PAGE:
This is story that mixes a bit of surrealism into the western genre. It was published in the Petigru Review.
Ed Macklin sat heavily on his horse and wondered how many more times he would have to ride into another town where the next fast gun waited. The stillness before the draw as if the world had become caught in mid-turn. Below him, Cedar Fork lay under a thick cloud of acrid smoke and fire. There was a chill in the air and he could hear the crows calling from a grove of trees ahead, then stopping as they heard him. He clucked softly to his horse and sent him rattling down the trail that led to the rutted street.
By the church next to the general store a man in singed white shirt sleeves poured kerosene on a pile of bodies that had been loosely stacked in a shallow hole. He touched the pile with his torch, and flame sheathed the bodies in a crackling mat of red and yellow.
Macklin steadied his horse as it passed the sputtering flesh, then headed toward the Palace where a group of men had just finished unloading more bodies from a wagon.
A building across the street tumbled into flames. Sparks showered the air.
Macklin reined up, swung his leg over the saddle and lowered his body to the ground. He tied his horse to the hitching post and stood in the doorway watching a man bent over the body of a boy. The man's weathered face tilted above the boy’s mouth searched for life. His vest was tight over his large stomach. Beads of sweat glittered on his face.
An old woman followed him with a bowl and compresses.
Macklin looked down at the man. "I’m looking for someone?" he said. "His name’s Sampson, would have got in this mornin' or late last night from the north. He'd be a young man with glasses and a red beard. Got a tattoo of a butterfly on the back of his right hand. Usually wears a silver vest and a Mexican hat with a silver band on it."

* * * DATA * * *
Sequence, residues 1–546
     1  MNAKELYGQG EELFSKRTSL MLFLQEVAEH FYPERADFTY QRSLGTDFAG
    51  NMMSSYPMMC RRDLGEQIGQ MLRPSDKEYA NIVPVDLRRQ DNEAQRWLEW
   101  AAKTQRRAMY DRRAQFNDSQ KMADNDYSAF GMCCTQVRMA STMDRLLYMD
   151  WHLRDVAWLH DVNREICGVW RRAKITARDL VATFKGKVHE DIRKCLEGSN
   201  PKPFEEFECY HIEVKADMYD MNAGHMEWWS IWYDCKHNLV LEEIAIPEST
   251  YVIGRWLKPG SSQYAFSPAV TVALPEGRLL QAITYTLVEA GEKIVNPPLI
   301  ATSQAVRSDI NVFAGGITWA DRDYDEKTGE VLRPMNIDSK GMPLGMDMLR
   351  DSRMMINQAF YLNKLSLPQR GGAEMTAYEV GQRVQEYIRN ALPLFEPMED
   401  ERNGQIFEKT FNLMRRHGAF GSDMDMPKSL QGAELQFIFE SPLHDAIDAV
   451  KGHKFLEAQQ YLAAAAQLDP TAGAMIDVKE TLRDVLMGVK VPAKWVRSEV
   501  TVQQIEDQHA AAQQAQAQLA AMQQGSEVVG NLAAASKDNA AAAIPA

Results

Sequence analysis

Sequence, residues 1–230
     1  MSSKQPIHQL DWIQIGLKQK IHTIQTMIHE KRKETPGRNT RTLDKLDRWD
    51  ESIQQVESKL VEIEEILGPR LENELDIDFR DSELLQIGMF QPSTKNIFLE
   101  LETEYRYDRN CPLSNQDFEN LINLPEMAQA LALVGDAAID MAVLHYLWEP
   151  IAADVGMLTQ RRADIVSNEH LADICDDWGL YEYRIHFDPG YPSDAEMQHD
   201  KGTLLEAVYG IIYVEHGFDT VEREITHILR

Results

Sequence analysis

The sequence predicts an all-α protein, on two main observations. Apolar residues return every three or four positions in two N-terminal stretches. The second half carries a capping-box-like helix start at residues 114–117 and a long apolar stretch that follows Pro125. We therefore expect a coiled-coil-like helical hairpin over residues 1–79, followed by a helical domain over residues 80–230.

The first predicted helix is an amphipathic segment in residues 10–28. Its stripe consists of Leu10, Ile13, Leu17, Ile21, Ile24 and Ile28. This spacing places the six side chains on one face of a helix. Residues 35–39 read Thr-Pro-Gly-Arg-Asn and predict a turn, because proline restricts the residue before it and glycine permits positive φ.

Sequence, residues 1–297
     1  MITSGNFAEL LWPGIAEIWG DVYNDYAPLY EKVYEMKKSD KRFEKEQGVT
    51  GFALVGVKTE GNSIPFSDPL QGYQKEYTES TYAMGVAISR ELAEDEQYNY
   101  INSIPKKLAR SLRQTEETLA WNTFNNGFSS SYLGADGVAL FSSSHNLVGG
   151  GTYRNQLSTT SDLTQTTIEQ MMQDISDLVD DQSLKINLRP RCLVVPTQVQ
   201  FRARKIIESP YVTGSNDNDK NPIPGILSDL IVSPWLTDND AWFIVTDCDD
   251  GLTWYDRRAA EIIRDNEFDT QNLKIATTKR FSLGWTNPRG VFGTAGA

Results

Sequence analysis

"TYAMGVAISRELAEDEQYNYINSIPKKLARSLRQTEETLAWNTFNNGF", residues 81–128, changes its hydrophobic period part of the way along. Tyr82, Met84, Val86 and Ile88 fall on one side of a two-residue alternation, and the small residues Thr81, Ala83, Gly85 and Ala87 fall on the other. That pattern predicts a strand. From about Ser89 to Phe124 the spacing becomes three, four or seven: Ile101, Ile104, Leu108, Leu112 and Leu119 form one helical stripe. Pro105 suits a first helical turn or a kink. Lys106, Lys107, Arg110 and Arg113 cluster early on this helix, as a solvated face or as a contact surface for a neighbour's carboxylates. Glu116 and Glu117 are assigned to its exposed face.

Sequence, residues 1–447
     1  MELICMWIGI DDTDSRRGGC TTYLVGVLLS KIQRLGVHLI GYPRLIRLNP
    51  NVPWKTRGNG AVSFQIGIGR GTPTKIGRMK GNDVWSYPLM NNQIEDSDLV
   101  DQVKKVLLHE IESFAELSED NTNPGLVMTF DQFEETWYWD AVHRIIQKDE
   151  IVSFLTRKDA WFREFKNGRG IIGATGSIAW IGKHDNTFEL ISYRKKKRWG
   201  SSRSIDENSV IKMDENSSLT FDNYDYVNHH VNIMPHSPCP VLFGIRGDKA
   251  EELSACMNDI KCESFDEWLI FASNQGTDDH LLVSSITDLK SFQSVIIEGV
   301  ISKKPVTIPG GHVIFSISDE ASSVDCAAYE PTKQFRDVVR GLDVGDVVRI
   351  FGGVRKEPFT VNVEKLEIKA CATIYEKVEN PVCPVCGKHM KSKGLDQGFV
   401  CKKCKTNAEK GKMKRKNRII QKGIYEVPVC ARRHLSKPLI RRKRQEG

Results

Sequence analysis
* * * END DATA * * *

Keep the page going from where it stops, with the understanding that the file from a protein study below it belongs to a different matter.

"I don't know, Mister," said the man. "Can't you see there's sickness here?"
The man felt the head of the boy then took his hand and timed the pulse.
"You're going to die, son," he said in a low choking voice.
“No, you must save me,” said the boy. “I’m too young to die. What will my mother think?”
He signaled the woman, who brought a new compress and put it on the boy's forehead.
You're going to die; you're going to die...
The boy stared out not hearing. The man let the boy's hand drop, and turned away, looking down at his own hands. His body swayed with fatigue. The woman knelt and shaped a compress on the boy’s small white forehead of the boy.
The room smelled of sweat, death and yellow flames. Macklin stepped past them and with one foot turned over the bodies that lay twisted on the floor.
"Are there any others?"
"Buried or burned most of them," came the man’s answer.
Macklin kicked angrily at a body, and then grabbed the man.
“Sure you haven't seen him?"
“No. I haven't seen anyone like that," he said, challenging Macklin’s stare.
The old woman put down her bowl and grabbed at Macklin's arms. He pushed her away, tilting her backwards into the wall.
The man shook loose.
Macklin grunted and strode by them into the next room. Blue-beaded curtains rattled sharp prisms of light across his body. Pale yellow sheets covered the furniture and violet brocade trimmed the walls. He smelled the distinct odors of slept-on mattresses and the heavy sweetness of women's flesh.
A full-bodied young Mexican girl knelt in the corner, a stubby candle burned in a small altar in front of her. A shawl covered her bare shoulders and her black hair was braided across her head. She looked up at him, then rose and slowly came toward him with a bottle. He took a drink, savoring it. Her skin glistened, and for a moment the thick fragrance of her body made him dizzy. The thought of having her stirred him the way he was stirred when another gun lay dead in the street. She seemed to sense what he was feeling and reached out to touch his hand, and then pulled away.